Then Why Spend $20,000,000 in San Francisco

In the last few posts I have been mulling over SFPark and its trials in the Bay area. I have elicited comments from Professor Donald Shoup, who can be said to be the father of the program. At least they are using his book as their source code and he sits on the advisory board.

As you can see from the posts above I am critical as to how SFpark is communicating price changes to drivers and that if drivers don’t get the price differences behavior change will not take place.

Don defends his position and the program and then let me have this pithy quote:

Everyone won’t go online to look at parking prices, but they don’t need to. Small changes by a few savvy parkers will improve  life  for almost everyone. The point of SFpark is to let drivers use the street in a much better way. By reducing the amount of cruising for underpriced curb parking, SFpark will make vehicle trips shorter, which will reduce vmt and help the muni run more efficiently. If SFpark triggers any mode shifts, it will do so indirectly, by letting transit run faster.

Ahh, so we need to subtly change the behavior of a few ‘savvy parkers’ and all will be right with the world.  Those “savvy parkers” Don goes on, will quickly understand where pricing is lower and change their behavior accordingly. Cool.

Now, if that’s the case, why do we need expensive in ground sensors, fancy web sites,  cell phone apps, maps, complex databases and high paid bureaucrats to run the program. Why not hire some folks who know about parking, take some observations, maybe hire a few college students to do the survey, perhaps with clipboards and stop watches, kinda like Don did for his book, throw in some price changes in areas where demand is low, raise prices where demand is high, put a list of streets and prices on the internet, and let nature take its course. A few ‘savvy parkers’ will get the idea, they will change their behavior, and then space will free up for the luddites who simply want to park next to Starbucks, cruising will reduce, pollution will decline, and well, you know.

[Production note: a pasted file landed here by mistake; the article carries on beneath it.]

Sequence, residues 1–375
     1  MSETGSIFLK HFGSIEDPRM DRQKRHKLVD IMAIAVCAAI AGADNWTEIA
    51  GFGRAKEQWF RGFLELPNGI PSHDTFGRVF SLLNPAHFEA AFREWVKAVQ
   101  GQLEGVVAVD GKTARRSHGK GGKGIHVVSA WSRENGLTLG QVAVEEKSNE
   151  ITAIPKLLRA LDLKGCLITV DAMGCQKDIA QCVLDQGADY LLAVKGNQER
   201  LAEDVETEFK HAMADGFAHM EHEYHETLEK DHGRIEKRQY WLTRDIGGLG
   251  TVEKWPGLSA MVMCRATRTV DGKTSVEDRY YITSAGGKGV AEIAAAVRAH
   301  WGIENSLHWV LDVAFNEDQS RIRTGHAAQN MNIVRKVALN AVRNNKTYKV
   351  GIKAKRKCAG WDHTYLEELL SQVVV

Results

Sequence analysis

Sure new meters might be in order, but San Francisco was replacing its meters with online devices anyway.

Why spend the $20,000,000 SFpark got from the Feds?  The above could have been done for what, half a mil, tops, using the resources that already existed in the SFMTA parking office.This doesn’t mean Shoup’s theories are wrong. Far from it. They are most likely spot on. Raise prices, change behavior. Makes sense to me. I’m just wondering about the execution.

In his quote Don acknowledges that the change in behavior needs only to be in a small number of parkers. We know that’s true. Studies have shown that if only 10% of the drivers on most freeways were to carpool, there would be no traffic jams. Even if the number was twice that to affect parking issues in metropolitan areas surely the folks who cared about how much they paid would sort out the problem.

I”m not writing the next paragraph. There are folks in San Francisco who are out for my hide anyway, plus son Andy and co just moved up there. No need to stir the pot any more.


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